Night Clubs Are Losing Popularity, Plus Apple Has Reportedly Fired Dozens Of Project Titan employees

by 4 years ago

morning-brew-new

“Too lazy and fat” — British international trade secretary Liam Fox, describing—who else?—Great Britain. Gotta love a self-loathing Brit.

  • So that happened: after a relatively calm last two months, the silence was broken with a bang on Friday after central banks finally began to question the benefits of further monetary easing on the economy. The result: markets across the globe went in freefall, tumbling over 2%
  • On the same day markets plummeted, oil prices followed suit, dropping 4% after traders realized that the surprise drop in inventories was caused by a tropical storm (i.e. a temporary disruption)
  • A lack of expected stimulus from the European Central Bank pushed the German 10-year bond yield back into positive territory for the first time since July

If Kroger Had Done Better

…It would have done well. Although your friendly grocery store chain reportedprofits sliding by 11.5%, if you remove non-recurring expenses (i.e. one-time stuff), Kroger actually increased earnings by around 5% and beat analyst expectations. The third-largest grocery store chain lowered its earnings guidance for the year, though, citing falling prices on eggs and meats from the deflationary macro environment. From a financial analysis standpoint, this means sales dollars are falling while fixed costs stay the same, putting pressure on Kroger’s precious margins.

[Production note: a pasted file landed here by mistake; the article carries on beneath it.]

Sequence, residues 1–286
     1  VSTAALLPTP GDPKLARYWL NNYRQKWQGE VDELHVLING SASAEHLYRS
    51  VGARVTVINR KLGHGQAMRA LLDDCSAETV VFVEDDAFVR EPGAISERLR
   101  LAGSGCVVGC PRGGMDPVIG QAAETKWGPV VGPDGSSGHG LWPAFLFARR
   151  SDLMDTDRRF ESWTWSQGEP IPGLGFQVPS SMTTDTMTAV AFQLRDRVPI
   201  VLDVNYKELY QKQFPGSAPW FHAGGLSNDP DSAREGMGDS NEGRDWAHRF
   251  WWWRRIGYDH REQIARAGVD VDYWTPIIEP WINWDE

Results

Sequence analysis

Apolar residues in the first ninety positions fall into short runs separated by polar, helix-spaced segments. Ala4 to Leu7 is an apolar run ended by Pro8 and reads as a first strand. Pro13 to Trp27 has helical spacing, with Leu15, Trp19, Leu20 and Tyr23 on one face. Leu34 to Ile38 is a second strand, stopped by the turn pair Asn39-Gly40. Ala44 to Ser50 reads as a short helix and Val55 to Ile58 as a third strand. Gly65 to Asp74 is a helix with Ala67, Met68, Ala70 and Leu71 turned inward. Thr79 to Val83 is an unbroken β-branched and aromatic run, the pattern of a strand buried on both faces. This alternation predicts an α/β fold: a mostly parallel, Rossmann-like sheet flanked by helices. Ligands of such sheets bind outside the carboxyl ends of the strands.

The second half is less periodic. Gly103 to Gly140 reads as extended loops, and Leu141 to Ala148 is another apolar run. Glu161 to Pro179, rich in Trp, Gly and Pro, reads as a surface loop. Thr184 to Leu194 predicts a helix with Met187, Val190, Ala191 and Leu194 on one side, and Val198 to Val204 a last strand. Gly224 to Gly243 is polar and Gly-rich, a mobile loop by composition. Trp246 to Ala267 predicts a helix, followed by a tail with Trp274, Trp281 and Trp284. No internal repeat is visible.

Cars

…It’s complicated. Let’s go around the horn: first off, a Volkswagen engineer, James Liang, came clean and pled guilty to helping the automotive giant produce the now-infamous “defeat devices” in the emissions-rigging debacle you’re surely sick of hearing about by now. Liang’s cooperation with authorities suggests that the Justice Department will utilize Liang to pursue others involved. And as if that wasn’t enough bad news for the auto industry, GM recalled 4.3 million vehicles affected by a software bug that prevented airbag deployment. Fun times to be an automaker.

The Dreaded Strategy Shift

…Apple has reportedly fired dozens of Project Titan employees. First, some context: Apple’s secretive Project Titan—its self-driving car initiative—is shifting its strategy. It’s believed that instead of creating a full-fledged self-driving car, Apple will narrow its gaze to just the autonomous vehicle technology itself. A little late in the game for such a big change, no? People familiar with the matter believe that the initiative has struggled to make much progress, and earlier this year the original head of Titan stepped down, delaying the project. Better late than never, but at a serious cost. After all the hype with the release of the iPhone 7, Titan is providing a bit of a buzzkill for everyone’s favorite fruit.

Note: